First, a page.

Infineon held a rent-a-car demo at the recent MWC and told us that evolving the Asian use of smart token for e-Gov services towards mobile ID would be particularly appealing.
Infineon Technologies AG demonstrated a mobile ID solution use-case scenario at the recently concluded Mobile World Congress, Barcelona. The company showed an app that could be used by car rental companies to quickly and easily confirm a hiring user's identity using a driver's license, assign a car and open it using a smartphone. The concept, said the company, can be used for a variety of services that require authentication, including voting.
During the demo, Infineon showed an app concept that allows a user to select a service among several; in this case, car rental. A two-factor authentication process was triggered. First, you needed a driver's license—the kind with an embedded security chip—that could communicate via NFC with the smartphone. The second step was to trigger and pass an appropriate biometric authentication. There was an option to input a pin number but a face-based authentication was clearly more interesting. Using an Android device, the company captured the user's face and showed how it would be compared against the data on record.
Figure 1: The mobile ID demo at the Infineon booth. A two-factor authentication is used to reserve a car for rent.
The process continued using an embedded secure element to communicate with a remote ID server to check if the driver's license used was valid for driving in the country. With that hurdle cleared, a car rental service could then offer a choice of cars and re-check with the e-ID server if you indeed had the right to drive before letting you electronically unlock a car.
In a press release, Ioannis Kabitoglou, Head of Smart Card Solutions at Infineon, stated that "the mobile ID protects the identity of citizens and consumers in the connected world and increases security as well as reliability of online services."
Figure 2: Mobile ID will appeal to the time-starved Asian, according to Ng Meng Hui, the Marketing Head APAC, Chip Card & Security at Infineon. Ng is responsible for payment, government identification, transport and ticketing application areas.
“The car rental service example demonstrates the extent of security covering mobile identification, authentication and authorisation," Ng Meng Hui, Marketing Head APAC, Chip Card & Security, told EE Times Asia. "In Asia, implementations using smart token, for example in Singapore and Hong Kong for e-Gov services, already exist. Due to wide coverage and high penetration of smartphones, our view is mobile ID will appeal to the time-starved Asian, offering no compromise to security for convenience in transactions where a person’s physical presence and ID card are required, for example, in e-banking and e-prescription,” he added.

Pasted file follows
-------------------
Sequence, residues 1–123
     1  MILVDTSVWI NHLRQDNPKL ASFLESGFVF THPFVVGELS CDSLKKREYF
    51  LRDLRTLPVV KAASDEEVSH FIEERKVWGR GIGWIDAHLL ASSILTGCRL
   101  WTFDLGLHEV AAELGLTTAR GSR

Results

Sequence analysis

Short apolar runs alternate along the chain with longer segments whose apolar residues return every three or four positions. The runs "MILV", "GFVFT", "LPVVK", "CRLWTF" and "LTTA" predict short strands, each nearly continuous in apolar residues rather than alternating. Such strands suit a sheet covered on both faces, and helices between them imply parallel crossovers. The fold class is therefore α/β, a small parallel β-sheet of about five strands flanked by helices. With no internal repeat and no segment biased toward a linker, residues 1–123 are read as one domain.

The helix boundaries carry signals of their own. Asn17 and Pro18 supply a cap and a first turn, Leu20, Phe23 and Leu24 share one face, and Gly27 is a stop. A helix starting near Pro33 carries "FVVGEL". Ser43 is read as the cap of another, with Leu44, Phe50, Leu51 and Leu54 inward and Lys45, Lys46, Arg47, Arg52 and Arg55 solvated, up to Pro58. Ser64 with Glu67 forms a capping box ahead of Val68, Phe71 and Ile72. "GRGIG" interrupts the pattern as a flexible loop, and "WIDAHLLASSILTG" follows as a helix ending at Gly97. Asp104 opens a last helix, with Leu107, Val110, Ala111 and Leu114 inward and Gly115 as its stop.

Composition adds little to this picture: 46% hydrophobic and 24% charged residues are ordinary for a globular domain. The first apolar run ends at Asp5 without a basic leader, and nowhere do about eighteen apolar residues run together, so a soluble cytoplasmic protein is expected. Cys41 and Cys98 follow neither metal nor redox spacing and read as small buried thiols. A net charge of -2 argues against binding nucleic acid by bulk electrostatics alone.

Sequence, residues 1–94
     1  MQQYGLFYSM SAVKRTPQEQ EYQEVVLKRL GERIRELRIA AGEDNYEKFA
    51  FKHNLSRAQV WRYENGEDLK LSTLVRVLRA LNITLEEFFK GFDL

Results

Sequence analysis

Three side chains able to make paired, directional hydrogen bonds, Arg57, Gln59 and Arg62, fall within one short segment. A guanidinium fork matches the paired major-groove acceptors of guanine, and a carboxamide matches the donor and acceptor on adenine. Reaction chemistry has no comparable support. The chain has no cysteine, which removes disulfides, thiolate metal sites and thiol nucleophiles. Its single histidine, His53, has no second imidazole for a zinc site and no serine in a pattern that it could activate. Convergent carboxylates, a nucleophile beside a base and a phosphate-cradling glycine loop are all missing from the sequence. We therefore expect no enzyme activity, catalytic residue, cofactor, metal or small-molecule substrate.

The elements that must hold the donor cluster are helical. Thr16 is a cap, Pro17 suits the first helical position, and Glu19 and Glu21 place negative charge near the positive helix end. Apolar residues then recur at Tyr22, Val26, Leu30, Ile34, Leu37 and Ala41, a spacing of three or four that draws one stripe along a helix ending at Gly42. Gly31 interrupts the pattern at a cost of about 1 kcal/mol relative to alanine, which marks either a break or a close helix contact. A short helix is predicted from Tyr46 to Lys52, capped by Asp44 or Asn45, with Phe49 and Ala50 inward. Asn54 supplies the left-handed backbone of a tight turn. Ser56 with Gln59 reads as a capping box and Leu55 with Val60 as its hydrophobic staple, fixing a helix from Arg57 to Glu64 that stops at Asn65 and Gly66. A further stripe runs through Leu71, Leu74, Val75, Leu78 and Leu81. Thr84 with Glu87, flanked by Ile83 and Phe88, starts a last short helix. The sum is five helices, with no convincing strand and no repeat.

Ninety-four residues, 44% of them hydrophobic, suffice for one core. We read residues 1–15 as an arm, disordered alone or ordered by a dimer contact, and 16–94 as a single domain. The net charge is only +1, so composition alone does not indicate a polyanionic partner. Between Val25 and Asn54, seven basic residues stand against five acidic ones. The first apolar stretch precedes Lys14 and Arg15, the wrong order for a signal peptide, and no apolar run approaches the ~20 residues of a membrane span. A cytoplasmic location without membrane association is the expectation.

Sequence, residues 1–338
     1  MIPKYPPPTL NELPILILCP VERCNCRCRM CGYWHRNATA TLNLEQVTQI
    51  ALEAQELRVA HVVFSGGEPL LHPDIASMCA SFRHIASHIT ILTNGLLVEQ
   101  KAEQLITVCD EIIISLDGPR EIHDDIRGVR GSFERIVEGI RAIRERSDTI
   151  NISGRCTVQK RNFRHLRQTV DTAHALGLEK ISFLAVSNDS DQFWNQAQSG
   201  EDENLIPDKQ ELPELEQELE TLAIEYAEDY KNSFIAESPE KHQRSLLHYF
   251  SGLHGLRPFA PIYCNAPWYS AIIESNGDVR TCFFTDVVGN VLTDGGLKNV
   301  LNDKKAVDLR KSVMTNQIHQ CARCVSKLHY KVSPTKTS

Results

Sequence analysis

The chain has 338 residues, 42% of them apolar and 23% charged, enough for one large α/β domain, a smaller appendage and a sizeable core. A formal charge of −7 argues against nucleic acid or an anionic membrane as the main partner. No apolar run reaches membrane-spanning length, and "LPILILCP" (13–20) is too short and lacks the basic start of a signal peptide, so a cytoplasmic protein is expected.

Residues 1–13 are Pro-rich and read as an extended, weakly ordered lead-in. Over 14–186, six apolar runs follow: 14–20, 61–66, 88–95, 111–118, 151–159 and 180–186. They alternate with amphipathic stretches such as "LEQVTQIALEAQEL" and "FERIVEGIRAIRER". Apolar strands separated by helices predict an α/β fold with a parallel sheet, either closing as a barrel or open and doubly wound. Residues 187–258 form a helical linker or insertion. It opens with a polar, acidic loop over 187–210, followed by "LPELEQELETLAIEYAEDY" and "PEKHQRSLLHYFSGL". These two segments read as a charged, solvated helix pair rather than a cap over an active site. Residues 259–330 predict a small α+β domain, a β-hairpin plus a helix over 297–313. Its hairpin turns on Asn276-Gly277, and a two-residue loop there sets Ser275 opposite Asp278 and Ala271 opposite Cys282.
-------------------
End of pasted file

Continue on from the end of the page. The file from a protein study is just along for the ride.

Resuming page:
The company claimed that almost every fourth eID document in the world has an embedded chip from Infineon. The same security functions can now be transferred to mobile devices. The chip provides a foundation for other security programs to build on. It enables secure storage — isolated from the system software — of the user's personal information, such as banking or biometric data and other sensitive information, including cryptographic keys and security certificates. Infineon added that chip-based solutions prevent reading of large amounts of customer data unlike software-based solutions like host card emulation and cloud-based processes.
Last month, Infineon was selected by HID Global, a company offering identity products, to supply the chips for their polycarbonate inlay for e-ID cards. At the Mobile World Congress, Infineon also announced their partnership with Eluminocity to develop smart streetlights, another application that would need protection against unauthorised access from the cloud down to the device level.